The Main Question I have is how do you feel is the best way of getting a Brewery like green flash, ballast point, or ale smith to take me on as volunteer. I work at nights as a bartender so in May I have all day free except for 8 weeks in june/july tuesday/thursday which i will have one class. I just don't to say hey I like beer and will work for free can i clean the fermenters? I would like to be able to volunteer and would love to start off cleaning or moving grain but i don't want to come off as a amateur(even though i am) and want to have a real chance of spending some time in and around a brewery. My goal would be to find out if this is something I want to pursue as a career and if I don't like it the worst that could happen is a gain some more knowledge. But I would like some tips on how to approach these breweries on getting volunteer work? Do I send a resume? Just tell them what i wrote here? Any ideas would be great.
My idea: Call them. And Ask.
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Old 04-22-2010, 04:17 PM   #9
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Quote:
Originally Posted by SumnerH View Post
Note that "volunteering" for a for-profit company is generally illegal (it violates federal wage-and-hour laws). There are some exceptions for unpaid internships, but restrictions are pretty tight. Any sort of menial work like cleaning fermenters (other than once or twice if you're actually being taught how a CIP system works or something, with an employee there supervising/teaching you) is almost certainly not going to fly--that's a job they have to pay at least minimum wage for.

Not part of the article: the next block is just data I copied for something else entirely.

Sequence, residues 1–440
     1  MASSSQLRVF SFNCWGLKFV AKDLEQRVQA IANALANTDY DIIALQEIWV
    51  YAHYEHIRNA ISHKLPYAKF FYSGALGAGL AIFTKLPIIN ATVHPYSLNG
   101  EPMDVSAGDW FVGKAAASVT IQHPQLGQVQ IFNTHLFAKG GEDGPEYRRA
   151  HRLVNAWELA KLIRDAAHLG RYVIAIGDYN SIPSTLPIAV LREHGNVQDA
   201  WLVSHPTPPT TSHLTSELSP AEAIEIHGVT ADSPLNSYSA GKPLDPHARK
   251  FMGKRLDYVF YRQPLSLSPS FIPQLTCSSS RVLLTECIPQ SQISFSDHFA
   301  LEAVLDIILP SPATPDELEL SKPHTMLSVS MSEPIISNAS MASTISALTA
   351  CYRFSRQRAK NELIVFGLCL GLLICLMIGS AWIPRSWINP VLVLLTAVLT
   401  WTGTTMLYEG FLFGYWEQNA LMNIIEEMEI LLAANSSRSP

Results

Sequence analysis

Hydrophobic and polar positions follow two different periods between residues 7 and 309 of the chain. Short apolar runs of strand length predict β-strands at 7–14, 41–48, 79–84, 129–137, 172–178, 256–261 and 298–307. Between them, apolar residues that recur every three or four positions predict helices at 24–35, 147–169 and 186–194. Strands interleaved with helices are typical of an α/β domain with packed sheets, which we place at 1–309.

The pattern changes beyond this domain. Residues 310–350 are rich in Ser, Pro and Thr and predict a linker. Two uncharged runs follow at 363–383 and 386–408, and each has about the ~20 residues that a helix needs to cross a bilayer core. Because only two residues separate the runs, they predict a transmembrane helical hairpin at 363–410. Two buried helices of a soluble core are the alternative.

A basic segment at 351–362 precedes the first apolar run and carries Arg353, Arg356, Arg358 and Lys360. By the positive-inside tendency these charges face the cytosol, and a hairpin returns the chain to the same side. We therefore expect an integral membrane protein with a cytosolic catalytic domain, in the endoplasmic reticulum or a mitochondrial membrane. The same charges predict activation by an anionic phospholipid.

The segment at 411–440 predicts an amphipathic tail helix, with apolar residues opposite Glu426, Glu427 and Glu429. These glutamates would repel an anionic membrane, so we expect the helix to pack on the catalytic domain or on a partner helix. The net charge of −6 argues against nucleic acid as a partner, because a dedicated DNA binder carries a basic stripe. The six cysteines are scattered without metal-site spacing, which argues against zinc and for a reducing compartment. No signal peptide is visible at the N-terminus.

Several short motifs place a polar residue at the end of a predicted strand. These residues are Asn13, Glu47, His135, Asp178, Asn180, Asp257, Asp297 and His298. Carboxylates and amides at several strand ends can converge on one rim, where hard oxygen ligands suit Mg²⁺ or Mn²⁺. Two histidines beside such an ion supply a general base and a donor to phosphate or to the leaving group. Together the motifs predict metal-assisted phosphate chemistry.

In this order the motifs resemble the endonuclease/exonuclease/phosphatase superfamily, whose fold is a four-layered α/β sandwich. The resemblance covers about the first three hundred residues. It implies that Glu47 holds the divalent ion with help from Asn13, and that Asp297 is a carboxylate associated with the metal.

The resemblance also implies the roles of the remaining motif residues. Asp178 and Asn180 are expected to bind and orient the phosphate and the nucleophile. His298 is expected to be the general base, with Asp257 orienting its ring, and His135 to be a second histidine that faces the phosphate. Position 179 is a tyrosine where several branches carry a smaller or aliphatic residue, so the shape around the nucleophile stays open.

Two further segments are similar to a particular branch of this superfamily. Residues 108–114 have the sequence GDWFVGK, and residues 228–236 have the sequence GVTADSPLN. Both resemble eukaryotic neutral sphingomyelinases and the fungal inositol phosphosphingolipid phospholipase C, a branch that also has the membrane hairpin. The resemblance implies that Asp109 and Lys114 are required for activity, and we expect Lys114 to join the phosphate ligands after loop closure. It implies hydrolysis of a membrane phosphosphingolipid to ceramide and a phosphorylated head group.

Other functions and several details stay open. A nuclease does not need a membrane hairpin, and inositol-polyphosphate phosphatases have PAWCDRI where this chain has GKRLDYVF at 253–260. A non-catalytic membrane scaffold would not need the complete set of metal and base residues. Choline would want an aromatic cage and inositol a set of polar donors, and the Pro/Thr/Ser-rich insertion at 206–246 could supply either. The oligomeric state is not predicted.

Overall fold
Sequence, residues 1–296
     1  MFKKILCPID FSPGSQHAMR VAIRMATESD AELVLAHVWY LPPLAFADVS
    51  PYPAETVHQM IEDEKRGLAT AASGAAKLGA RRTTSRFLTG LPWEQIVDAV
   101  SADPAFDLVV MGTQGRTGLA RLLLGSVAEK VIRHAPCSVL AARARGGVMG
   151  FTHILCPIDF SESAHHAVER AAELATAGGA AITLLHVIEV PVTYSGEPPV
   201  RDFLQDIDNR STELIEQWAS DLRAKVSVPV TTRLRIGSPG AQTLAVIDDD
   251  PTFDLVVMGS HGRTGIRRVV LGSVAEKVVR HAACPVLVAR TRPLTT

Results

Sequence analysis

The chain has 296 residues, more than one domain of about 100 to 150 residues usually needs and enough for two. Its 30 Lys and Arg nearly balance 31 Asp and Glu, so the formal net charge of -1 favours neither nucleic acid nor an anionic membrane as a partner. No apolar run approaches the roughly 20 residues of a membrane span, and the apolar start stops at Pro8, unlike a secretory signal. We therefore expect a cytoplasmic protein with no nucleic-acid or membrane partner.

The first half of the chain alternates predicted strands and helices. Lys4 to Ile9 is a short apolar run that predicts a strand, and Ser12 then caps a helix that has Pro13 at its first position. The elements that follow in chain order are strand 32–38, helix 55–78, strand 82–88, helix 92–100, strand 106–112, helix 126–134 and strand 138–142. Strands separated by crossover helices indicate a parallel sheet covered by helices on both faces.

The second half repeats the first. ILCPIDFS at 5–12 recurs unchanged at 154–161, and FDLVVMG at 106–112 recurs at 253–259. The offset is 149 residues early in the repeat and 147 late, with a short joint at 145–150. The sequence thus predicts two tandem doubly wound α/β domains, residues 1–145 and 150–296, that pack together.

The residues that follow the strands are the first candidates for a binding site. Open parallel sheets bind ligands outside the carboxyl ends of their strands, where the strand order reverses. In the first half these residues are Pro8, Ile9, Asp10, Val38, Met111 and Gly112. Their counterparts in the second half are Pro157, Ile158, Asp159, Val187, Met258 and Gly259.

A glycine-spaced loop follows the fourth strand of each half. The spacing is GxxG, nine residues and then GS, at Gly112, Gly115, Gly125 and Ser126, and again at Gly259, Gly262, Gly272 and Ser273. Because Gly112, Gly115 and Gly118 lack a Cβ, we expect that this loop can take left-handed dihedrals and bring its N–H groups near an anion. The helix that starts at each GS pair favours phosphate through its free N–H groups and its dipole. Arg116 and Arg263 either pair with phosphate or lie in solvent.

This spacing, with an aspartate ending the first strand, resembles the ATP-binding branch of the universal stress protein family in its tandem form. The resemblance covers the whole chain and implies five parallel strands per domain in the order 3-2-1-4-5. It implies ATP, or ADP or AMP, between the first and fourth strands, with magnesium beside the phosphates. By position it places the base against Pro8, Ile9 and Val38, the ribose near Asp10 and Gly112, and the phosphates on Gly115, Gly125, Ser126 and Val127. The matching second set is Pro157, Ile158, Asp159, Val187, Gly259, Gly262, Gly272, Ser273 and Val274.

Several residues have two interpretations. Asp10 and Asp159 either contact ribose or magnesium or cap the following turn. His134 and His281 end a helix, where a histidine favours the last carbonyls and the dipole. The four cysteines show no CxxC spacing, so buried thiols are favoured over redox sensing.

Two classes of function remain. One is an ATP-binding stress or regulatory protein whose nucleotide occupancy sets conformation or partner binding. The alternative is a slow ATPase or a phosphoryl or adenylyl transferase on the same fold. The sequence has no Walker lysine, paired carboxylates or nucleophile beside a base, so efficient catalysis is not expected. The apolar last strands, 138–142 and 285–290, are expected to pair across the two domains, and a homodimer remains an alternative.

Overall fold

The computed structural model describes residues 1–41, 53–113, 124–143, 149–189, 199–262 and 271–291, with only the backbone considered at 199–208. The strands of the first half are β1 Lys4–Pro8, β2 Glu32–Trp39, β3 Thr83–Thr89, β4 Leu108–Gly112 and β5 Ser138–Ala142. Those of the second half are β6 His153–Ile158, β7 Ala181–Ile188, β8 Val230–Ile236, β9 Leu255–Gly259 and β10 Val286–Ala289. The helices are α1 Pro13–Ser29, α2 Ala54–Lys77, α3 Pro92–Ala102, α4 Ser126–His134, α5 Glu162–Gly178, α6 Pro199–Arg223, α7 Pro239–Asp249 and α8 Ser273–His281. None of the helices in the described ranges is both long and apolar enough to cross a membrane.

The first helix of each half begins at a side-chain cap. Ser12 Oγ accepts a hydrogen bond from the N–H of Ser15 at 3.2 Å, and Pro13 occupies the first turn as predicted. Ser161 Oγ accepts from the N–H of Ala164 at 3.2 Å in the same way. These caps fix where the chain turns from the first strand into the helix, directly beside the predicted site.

See, for instance, http://www.nytimes.com/2010/04/03/business/03intern.html
Some of the small breweries around here have volunteers for bottle filling and putting on labels. It's technically not part of the brewing process, but still a good way to get your foot in the door.
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Old 04-22-2010, 04:29 PM   #10
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A few thoughts:

1. Don't fear your job opportunities. With a history major you can get plenty of jobs. Lots of companies will take you in with a college degree and give you an entry level position. Once you have a foot in the door, your degree in history is pretty much as valuable as the guy you sit next to with a degree in business administration. Once you get some experience, you can move on to a better paying/more interesting/more rewarding position. I have a degree in political science and work heavily in finance -- something I had no experience or education to do.

2. If you want to go into brewing, you'll definitely have to get creative with getting in the door, because you don't have the engineering/chemistry/biology background a brewery would normally want. I think you should consider whether you're trying to work at a brewery just because you feel you are out of options or because you would be passionate about the work. If you would be passionate about it, then I would recommend the Guerrilla series of job hunting books, because they teach non-traditional ways to score good jobs.

3. I'm in law school now, and I can tell you it's a ton of work -- just to get in. If you're considering the LSAT and law school just because it's an option and offers a good income, you'll hate it and you won't perform well. You'll definitely be socking away four years (LSAT, admissions, three years of school, then the bar) for it, so if you're going to put down some more schooling it might as well be something you actually want to do. I.e., if you really want to get into brewing, go get a masters in biochemistry (that's a 2-3 year program) and try to land a couple internships.